We could tweak the percentages, but this would open a brand new can of worms.

Spacing things up done right

The solution: leave the layout boxes alone; pad what's inside!

<html>
 <head>
  <title>CSS Layout demo</title>
  <style type="text/css">
   body { Margin: 0; Padding: 1%; }
   .area { Border: 1px dotted red; }
   .scaffold { Border: 1px solid black; Margin: 1em; Padding: 1em; }
   .main { Height: 60%; Float: left; }
   #header { Height: 20%; }
   #sidebar1 { Width: 20%; }
   #content { Width: 59%; Border: none; }
   #sidebar2 { Width: 20%; Float: right; }
   #footer { Clear: both; Height: 20%; }
  </style>
 </head>

 <body>
  <div class="area" id="header"><div class="scaffold">Header</div></div>
  <div class="main area" id="sidebar1"><div class="scaffold">Sidebar 1</div></div>
  <div class="main area" id="content"><div class="scaffold">Content</div></div>
  <div class="main area" id="sidebar2"><div class="scaffold">Sidebar 2</div></div>
  <div class="area" id="footer"><div class="scaffold">Footer</div></div>
 </body>
</html>
 

Note: only now we're starting to add more markup (try5.html).

Part 2 — The real thing

In part one you have learned a simple technique for laying out a Web page with CSS.

In part 2 I will show how a realistic site can be created with the same means.

Adding backgrounds and borders is a bit more complex, but still easier than with tables.

The wireframe revisited

For part 2 we'll use the following file: try6.html...

body { Margin: 0; Padding: 0; }
#main .area { Float: left; }
#sidebar1, #sidebar2 { Width: 25%; }
#content { Width: 50%; }
.guard { Clear: both; Height: 0; }
#footer { Clear: both; }
#main { Margin: 0 1px; } /* Make IE6 behave */
 

...to which we'll incrementally add CSS, starting with try6.css.

Notes on the realistic wireframe

Before we go on, let's see what we've got.

A perfectly good fluid layout

Time to make it look nicer. Add try7.css to the example file.

body { Background-color: #eeffff; }
#header .scaffold {
	Margin: 2em;
	Padding: 1em;
	Border: 3px groove #ffcc00;
	
	Margin-bottom: 0;
	Border-bottom: none;
	
	Background-color: #eeffee;
}
#main {
	Margin-left: 2em;
	Margin-right: 2em;
	Border-left: 3px groove #ffcc00;
	Border-right: 3px groove #ffcc00;
}
#main .scaffold { Padding: 1em; }
h2 {
	Padding-left: 0.5em;
	Background-color: #336600;
	Color: #ffffff;
}
#content  { Background-color: #ffffee; }
#footer .scaffold {
	Margin: 2em; Padding: 1em;
	Border: 3px groove #ffcc00;
	
	Margin-top: 0;
	Border-top: none;
	
	Background-color: #663300;
	Color: #ffffff;
	Text-align: center;
}
#footer .scaffold a { Color: #ffff00; }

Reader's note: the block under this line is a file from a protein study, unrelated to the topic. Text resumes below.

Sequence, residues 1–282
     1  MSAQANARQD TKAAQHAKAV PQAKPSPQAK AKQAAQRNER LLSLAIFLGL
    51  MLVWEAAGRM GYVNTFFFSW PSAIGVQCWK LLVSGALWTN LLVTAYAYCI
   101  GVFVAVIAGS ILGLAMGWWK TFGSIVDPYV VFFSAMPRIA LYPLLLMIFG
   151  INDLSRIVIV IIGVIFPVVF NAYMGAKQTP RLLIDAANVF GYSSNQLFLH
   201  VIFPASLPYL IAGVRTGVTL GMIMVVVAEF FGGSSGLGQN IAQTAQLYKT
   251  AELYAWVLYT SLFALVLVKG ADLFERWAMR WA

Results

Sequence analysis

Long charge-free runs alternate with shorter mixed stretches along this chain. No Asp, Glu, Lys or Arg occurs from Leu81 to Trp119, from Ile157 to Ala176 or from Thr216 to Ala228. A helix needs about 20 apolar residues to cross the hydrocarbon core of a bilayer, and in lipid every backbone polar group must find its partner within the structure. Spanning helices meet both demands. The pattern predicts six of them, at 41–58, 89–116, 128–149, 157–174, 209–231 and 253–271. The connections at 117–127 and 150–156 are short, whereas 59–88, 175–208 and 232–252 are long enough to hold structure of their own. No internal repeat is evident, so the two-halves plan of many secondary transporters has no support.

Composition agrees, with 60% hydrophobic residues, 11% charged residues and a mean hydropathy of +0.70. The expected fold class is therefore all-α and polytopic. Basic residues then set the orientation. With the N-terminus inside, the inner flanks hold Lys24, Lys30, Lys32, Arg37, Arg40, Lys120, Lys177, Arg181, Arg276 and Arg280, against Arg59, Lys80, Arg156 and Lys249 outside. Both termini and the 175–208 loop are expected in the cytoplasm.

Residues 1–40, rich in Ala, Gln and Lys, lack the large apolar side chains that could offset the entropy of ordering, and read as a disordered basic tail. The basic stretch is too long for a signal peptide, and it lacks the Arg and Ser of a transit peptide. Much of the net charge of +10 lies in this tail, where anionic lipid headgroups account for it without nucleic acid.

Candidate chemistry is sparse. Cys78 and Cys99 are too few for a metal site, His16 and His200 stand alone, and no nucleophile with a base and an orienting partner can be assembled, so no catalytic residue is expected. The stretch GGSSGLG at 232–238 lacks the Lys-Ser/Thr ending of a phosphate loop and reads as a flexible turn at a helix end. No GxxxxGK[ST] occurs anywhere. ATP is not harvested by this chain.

Make sure it comes after the existing rules.

Fluid layout highlights

Fixed layouts work as well

Just add try8.css to the example file.

#header .scaffold, #main, #footer .scaffold {
	Width: 800px;
	Margin-left: auto;
	Margin-right: auto;
}
#header .scaffold, #footer .scaffold { Padding-left: 0; Padding-right: 0; }
h1, #footer p { Padding-left: 1em; Padding-right: 1em; }
 

Again, make sure the new CSS comes last.

That's it?

Before the end, let's see two more nice effects you can use as starting points in your CSS explorations.

A dropdown menu system

Let's turn the navbar into a windows-style menubar.

/* Enable dropdown behavior. */
#navbar dl { Float: left; }
#navbar dd { Display: none; }
#navbar dl:hover dd { Display: block; }

/* Position the menubar. */
#navbar {
	Position: absolute;
	Top: 5em;
	Left: 50%;
}

/* Make it look right. */
#navbar dl {
	Width: 7em;
	Background-color: #ffcc00;
}
#navbar dd {
	Margin: 0;
	Padding: 0;
	Border: 2px outset #ffcc00;
}
#navbar a {
	Display: block; /* Increase the mouse target area. */
	Text-decoration: none;
	Color: black;
	Font-weight: bold;
}
#nabvar a:hover {
	Color: #ffcc00;
	Background-color: black;
}
 

No, don't change the HTML: adding try9.css is enough.

Comments on the menubar

Multiple-column listings

You know, like when you have an e-commerce site with lots of products.

.entry-list, .entry-list .scaffold {
	Margin: 0.5em;
	Padding: 0.5em;
	Border: 1px solid black;
}
.entry-list {
	Margin: 1em;
}
.entry {
	Float: left;
}
#one-column .entry {
	Width: 100%;
}
#two-columns .entry {
	Width: 50%;
}
#three-columns .entry {
	Width: 33%;
}
 

This time get try10.html along with try10.css.

And my point is...

Conclusions

Credits

Beta testers:

Software used for this presentation: